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No Buts About It — bring on the semi-colon

Honest, I wasn’t trolling for this one.

I was innocently noodling around on my laptop to try to keep myself calm during last night’s theater-of-cruelty extra-innings Giants game on TV, when a wave of web-surfing picked me up and deposited me at The Daily Beast.

Whereupon, well… if you were me, would you have resisted the urge to see if Carrie’s Story had made it onto their list called “Sexier Than ‘50 Shades of Grey’: Naughtiest Bits From 12 Other Erotica Bestsellers“?

Maybe you would have. Or maybe you would have eschewed the agonies of teeth-gnashing I typically put myself through, imagining getting to the page and not finding Carrie there, my beloved wisecracking heroine overlooked and under-appreciated, yet again, by some biased, tasteless, shallow….

Oh. There it is. Number 11, book-ended by two juicy-looking collections edited by Rachel Kramer Bussel, in a most… ah… balanced, tasteful, even discerning of lists, including work by various erotic romance writers and others.

The “naughty bit” they chose, in case you’re wondering, was from the novel’s opening paragraph.

And their assessment? “A very explicit sadomasochistic novel, but the writing is actually quite good.” Which all in all I liked (you’d always have me at some combination of the words good and writing). Though when my online friend Megan tweeted tha t the actually made her “peevish,” I could see her point: there was something a little grudging there.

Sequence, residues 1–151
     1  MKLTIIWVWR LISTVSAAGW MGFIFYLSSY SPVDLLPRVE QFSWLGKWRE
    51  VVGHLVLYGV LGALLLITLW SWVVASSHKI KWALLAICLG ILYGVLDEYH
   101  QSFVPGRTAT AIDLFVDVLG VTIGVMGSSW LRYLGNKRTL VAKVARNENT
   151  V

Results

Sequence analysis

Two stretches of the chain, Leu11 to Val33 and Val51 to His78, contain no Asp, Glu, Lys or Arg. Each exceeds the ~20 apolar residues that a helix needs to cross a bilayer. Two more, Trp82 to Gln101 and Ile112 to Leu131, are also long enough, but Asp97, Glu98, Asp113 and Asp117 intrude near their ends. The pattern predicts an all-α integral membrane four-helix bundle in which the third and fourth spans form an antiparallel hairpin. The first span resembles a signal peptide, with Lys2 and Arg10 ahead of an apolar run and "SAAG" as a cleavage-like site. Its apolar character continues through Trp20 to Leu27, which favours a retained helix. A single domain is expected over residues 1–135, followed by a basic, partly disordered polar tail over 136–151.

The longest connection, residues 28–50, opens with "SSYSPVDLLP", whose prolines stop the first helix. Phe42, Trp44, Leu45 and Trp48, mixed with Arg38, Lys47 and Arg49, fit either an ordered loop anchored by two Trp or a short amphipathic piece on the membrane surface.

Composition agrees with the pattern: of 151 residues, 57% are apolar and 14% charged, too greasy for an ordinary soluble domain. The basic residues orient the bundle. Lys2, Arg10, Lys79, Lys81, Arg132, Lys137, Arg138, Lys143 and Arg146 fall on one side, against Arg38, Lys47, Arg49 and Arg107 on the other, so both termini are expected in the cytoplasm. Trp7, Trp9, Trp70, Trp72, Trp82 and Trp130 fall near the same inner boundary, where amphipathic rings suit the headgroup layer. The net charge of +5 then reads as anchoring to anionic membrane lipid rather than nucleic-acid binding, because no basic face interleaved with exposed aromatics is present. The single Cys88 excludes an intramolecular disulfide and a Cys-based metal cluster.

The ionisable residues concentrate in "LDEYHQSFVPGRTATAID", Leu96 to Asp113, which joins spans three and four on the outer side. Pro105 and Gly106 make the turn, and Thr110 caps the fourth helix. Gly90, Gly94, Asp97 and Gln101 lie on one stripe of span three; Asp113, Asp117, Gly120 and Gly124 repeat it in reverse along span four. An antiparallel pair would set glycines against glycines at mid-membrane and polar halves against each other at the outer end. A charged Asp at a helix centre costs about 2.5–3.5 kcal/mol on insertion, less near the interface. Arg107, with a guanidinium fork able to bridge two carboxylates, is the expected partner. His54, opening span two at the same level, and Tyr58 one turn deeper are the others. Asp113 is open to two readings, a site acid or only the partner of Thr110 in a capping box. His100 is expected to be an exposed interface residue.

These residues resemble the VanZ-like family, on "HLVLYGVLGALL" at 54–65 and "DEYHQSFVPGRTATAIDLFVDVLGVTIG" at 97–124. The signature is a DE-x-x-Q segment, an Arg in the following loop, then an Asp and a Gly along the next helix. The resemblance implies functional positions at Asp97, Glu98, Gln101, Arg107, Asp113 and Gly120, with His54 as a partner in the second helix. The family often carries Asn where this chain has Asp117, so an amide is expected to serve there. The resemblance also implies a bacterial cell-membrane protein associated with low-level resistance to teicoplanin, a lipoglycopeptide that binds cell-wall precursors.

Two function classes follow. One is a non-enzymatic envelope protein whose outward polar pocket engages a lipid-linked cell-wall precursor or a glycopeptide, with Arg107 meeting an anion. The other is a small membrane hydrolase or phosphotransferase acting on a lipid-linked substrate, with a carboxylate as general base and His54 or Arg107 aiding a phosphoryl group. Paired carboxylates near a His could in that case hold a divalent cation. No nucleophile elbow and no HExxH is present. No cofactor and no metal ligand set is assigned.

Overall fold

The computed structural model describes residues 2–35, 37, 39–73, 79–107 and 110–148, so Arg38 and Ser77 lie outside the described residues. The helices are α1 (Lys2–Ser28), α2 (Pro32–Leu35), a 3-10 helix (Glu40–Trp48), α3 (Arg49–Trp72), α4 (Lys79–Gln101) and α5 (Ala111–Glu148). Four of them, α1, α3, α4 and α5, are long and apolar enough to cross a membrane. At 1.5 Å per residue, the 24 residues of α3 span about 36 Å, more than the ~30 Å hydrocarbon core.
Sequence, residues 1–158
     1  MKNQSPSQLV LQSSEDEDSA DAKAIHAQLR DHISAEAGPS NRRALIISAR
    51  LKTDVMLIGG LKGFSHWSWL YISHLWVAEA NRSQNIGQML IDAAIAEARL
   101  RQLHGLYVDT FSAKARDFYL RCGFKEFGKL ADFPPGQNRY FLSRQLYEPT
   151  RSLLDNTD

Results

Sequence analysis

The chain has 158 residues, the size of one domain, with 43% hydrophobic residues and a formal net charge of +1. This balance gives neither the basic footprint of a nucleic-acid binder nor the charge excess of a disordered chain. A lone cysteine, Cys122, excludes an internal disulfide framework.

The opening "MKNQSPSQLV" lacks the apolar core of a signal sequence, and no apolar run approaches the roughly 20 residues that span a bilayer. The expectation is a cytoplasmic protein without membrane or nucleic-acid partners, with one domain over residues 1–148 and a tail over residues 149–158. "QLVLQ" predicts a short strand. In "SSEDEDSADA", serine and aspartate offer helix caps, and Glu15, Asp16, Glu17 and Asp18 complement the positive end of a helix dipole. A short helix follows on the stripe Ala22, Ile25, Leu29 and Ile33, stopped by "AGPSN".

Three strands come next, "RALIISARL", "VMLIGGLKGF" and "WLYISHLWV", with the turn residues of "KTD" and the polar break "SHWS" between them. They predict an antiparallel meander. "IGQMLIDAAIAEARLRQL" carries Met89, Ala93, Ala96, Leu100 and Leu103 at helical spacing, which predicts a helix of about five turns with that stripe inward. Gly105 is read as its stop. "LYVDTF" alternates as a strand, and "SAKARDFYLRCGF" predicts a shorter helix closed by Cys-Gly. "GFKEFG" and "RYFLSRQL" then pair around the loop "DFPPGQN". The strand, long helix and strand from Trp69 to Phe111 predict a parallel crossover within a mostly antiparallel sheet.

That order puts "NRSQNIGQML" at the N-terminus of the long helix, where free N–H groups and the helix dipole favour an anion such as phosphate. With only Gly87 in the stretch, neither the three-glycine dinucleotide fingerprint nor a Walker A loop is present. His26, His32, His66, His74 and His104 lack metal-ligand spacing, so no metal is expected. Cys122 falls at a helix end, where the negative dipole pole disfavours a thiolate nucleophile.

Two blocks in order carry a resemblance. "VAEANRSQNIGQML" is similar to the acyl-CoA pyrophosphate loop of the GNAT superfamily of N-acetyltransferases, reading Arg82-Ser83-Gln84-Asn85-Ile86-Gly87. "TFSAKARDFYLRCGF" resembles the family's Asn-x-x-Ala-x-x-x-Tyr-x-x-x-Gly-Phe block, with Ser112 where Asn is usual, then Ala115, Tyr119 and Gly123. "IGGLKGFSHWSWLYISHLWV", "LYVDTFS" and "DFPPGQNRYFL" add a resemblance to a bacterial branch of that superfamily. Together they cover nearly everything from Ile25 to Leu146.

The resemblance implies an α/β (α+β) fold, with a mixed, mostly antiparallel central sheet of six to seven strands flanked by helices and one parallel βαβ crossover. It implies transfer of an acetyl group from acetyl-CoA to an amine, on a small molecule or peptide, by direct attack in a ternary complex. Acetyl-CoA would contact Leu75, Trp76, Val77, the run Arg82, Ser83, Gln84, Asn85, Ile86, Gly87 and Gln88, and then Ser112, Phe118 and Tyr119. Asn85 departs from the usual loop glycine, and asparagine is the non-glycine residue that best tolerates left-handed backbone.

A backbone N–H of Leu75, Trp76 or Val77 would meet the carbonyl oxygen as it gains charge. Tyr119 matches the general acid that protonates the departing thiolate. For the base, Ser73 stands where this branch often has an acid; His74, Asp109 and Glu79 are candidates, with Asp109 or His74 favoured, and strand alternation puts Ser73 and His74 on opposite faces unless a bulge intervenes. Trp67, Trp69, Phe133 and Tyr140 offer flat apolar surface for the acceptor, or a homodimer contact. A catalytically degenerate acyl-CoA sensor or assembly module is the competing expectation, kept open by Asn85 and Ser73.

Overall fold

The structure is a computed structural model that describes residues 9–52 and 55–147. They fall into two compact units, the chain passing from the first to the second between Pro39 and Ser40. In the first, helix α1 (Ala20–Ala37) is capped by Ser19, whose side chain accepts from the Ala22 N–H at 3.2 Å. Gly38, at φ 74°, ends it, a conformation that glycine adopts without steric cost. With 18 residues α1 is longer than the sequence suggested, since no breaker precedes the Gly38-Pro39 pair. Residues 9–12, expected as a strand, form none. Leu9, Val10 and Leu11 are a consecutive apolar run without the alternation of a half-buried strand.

But perhaps the problem word wasn’t actually. Because take it away and you still have “A very explicit sadomasochistic novel, but the writing is quite good,” which isn’t exactly fulsome either. No, the problem is but, the logical syntactic indicator that very explicit sadomasochistic novel and the writing is actually quite good must exist in some contrary relationship to each other. Which is not only logically absurd, but — duh, Story of O not actually quite well-written? Just about anything by Mary Gaitskill or Stephen Elliott? Or the wonderful gay male pornographers Simon Sheppard and Aaron Travis?

It’s okay. I’ll take it as it is. But I’ll think of it as, “A very explicit sadomasochistic novel, and the writing is actually quite good.” Or even as “A very explicit sadomasochistic novel; the writing is actually quite good.” Yeah, the second version. Love the sexy semi-colon.

And love that I’m going to meet Megan in person next week, when I hang out with a few romance-writing friends before they troop down to Anaheim for the RWA National Conference. I’m not going this year — sometimes it’s more important to write than to talk about writing for a big exhausting whirlwind half-week. I’ll be back at RWA National when I have a new book.

(Oh, and the Giants won last night. Fingers and toes crossed for Timmy).

 

2 Comments

  1. Sweet of you to write, Tracey. And I love the blog post — which I’m happy to say I missed the first time around. (Not that I wouldn’t have enjoyed reading it, but it’s reassuring to know that I’m not always out there checking the web for stuff about what I’ve written.)

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